Enterprise Community Partners  aims to maximize the benefits of Opportunity Zones for both the communities and capital providers.  Will said that since 1982, Enterprise has invested $3 billion in what are now Opportunity Zone tracts. The Enterprise Opportunity Fund is developing a national pipeline and looking for projects that have been blessed by local governments.  They are particularly interested in public-private partnerships (which he noted Greenville is well-known for), workforce housing, job production, and product innovation.  Furthermore, regardless of federal evaluation requirements, Enterprise is developing its own proprietary impact measurement system for Opportunity Fund projects.

Will said there are several things that local leadership can do to create an ecosystem that encourages investment.  Examples he provided:

  • Inform the marketplace
  • Develop an online portal on projects
  • Give site tours and education
  • Write letters of interest
  • Incent certain types of activity
  • Leverage add-on incentives, gap financing, risk mitigation
  • Create public funds
  • Pair investments with other sources of financing
  • Ease certain development requirements

The best thing local government and interested community members can do is control sites in Opportunity Zones.  Will pointed out that people own land, and in distressed communities the manifestation of good things on the land is often a long time away. With Opportunity Funds, investors just want to know, “What will this project look like in 10 years when I exit?  Who’s going to buy it from me? What is my exit strategy?” If the community can put forth projects with good answers to those questions, investors will be interested.

As for philanthropy, there are several unique roles in making the most of Opportunity Funds for the good of community. Doing development in distressed markets is hard. Philanthropy has access to resources that can write down the costs of getting a piece of land to the point where it can be developed for the good of the community.  Funders can ask, “What is it that we can do to make sites that are of interest to developers more likely to be in service for the community?” Examples are to buy the land, negotiate with the owner of the land, support the process of working out heirs property, and support local government in implementing the aforementioned ideas.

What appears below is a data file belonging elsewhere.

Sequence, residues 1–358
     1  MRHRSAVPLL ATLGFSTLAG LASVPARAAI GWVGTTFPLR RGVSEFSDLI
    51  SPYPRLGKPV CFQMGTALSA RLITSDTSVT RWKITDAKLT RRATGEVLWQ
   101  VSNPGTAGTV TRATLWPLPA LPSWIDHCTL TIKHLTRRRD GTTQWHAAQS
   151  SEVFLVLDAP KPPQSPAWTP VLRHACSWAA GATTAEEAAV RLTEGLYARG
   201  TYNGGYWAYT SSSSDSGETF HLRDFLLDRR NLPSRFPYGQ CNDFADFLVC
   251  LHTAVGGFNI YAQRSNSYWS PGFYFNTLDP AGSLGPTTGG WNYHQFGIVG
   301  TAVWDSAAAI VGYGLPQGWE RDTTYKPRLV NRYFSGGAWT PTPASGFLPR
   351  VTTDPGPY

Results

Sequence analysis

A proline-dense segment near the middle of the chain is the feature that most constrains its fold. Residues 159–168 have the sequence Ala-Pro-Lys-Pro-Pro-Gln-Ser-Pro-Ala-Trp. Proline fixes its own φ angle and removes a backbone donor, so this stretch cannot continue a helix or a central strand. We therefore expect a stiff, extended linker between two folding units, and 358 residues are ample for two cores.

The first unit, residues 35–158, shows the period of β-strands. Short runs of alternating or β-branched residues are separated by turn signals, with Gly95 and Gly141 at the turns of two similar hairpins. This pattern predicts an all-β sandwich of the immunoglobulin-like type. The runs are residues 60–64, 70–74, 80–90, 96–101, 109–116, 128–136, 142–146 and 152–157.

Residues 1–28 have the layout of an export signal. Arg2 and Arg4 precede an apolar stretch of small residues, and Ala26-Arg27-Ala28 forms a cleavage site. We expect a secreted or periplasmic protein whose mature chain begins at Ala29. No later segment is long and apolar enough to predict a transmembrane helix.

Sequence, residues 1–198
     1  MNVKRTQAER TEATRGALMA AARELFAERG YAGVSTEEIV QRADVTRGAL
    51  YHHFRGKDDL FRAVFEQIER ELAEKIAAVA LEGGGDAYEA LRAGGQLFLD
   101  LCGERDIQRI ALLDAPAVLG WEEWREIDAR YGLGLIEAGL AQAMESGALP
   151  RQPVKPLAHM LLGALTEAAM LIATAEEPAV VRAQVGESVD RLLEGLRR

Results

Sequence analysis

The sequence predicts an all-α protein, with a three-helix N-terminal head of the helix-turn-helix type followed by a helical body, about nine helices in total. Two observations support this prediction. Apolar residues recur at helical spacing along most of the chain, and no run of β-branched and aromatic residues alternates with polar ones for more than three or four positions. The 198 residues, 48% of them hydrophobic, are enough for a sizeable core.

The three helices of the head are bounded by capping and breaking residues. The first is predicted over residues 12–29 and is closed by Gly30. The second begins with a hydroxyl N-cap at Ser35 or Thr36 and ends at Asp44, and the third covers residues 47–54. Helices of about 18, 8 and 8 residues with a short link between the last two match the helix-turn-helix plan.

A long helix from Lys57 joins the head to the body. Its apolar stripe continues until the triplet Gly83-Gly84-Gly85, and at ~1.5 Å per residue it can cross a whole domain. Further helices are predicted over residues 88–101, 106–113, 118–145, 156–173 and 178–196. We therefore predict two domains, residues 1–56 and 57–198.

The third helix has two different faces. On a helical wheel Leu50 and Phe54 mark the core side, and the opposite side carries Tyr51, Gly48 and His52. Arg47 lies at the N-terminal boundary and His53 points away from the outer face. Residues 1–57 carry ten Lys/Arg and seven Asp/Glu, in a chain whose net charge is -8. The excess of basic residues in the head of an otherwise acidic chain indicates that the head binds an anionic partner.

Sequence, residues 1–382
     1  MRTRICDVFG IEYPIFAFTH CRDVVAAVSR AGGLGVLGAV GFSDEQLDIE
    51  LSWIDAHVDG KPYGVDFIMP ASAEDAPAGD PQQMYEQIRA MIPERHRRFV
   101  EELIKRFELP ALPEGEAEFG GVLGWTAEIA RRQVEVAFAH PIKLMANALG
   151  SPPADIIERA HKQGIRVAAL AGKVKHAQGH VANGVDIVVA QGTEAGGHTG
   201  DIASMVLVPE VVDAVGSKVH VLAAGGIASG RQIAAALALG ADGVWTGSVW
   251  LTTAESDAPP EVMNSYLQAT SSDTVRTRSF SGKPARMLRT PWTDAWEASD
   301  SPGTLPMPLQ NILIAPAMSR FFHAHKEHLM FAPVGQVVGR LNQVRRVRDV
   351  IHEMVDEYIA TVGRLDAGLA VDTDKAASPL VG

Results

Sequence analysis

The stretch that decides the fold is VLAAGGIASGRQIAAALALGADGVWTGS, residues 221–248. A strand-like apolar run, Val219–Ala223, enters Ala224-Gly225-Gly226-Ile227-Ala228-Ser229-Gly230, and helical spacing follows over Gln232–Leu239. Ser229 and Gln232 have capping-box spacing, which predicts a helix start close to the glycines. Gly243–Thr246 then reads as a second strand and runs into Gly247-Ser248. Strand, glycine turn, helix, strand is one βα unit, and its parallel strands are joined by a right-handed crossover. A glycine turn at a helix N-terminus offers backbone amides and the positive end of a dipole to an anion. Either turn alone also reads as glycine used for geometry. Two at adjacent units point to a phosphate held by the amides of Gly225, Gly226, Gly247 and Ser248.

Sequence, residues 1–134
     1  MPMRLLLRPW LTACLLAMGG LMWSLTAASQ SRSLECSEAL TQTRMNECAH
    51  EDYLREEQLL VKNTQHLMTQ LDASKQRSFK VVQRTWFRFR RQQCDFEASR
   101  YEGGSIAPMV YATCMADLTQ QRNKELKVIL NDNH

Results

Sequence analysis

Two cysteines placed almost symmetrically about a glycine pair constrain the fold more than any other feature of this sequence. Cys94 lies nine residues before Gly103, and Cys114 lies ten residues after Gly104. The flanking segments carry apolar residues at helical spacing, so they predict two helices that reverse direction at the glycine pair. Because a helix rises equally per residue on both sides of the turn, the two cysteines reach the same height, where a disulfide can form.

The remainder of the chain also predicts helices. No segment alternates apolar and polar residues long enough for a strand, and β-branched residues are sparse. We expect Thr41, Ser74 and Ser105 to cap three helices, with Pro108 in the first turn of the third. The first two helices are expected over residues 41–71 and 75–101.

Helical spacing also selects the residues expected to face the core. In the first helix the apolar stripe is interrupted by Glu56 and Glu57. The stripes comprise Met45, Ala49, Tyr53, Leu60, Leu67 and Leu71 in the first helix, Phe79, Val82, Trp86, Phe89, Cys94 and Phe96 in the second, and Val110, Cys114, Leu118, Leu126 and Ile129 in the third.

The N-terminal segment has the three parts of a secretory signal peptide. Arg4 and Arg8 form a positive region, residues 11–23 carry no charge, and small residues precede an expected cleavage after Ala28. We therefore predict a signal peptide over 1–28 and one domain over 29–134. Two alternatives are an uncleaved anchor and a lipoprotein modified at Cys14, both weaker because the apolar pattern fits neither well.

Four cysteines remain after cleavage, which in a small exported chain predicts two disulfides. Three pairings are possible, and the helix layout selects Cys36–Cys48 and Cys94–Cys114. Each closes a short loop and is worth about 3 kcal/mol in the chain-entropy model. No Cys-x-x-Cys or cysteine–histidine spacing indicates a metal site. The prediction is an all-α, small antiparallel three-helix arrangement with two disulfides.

Will was asked about how Opportunity Funds can help with rural development, for in the state there are Opportunity Zones in very rural and impoverished areas, many with predominantly African American communities who are far from capital resources.  Unfortunately, Will said he “hasn’t cracked the nut on how to create economic activity where there isn’t any.”  The idea behind Opportunity Zones is to unleash economic activity where there is a little. In the end, most investors will be looking for the greatest return on their investment, and very rural areas aren’t typically the environment for this.

Will offered a few final thoughts for attendees.  First, investors can invest only in projects, not “areas.”  Will has had local governments pitch their Zone areas to Enterprise, but the geography is almost irrelevant.  Enterprise and other Fund managers need to know that there are macroeconomic principles present in projects to produce returns. So, local communities need a pipeline of deals in their zones, and you might need 100 project ideas to produce a few that result in investments.

Second, some investors are in the Opportunity Zone work only to make money, but Enterprise and other mission-oriented investors intend to do capacity building along with it so that when their ten-year investment is up, there’s capacity in the community to carry that investment forward under new ownership. Local communities can also be mindful of the post-OF investment landscape in their areas.

Third, individual investors can also roll their own capital into their own qualified investment.  They don’t need to participate in an Opportunity Fund to benefit from the tax incentive.  The blessing of this is a community can keep both the investment and project local. The curse is that there’s very little transparency regarding where the capital came from, where the capital is going, and what it’s doing.

In the end, Will emphasized that the power is in the pipeline of projects.  There is capital all over the place. If you have projects, you have power – you can seize on the capital. This is where local communities can come together with a vision of what they specifically want to happen in their Opportunity Zones.  As soon as the project is signed with a particular investor, the community’s power is gone.  So local stakeholders can make the most of the opportunity by controlling the land, controlling the decision and the conversation.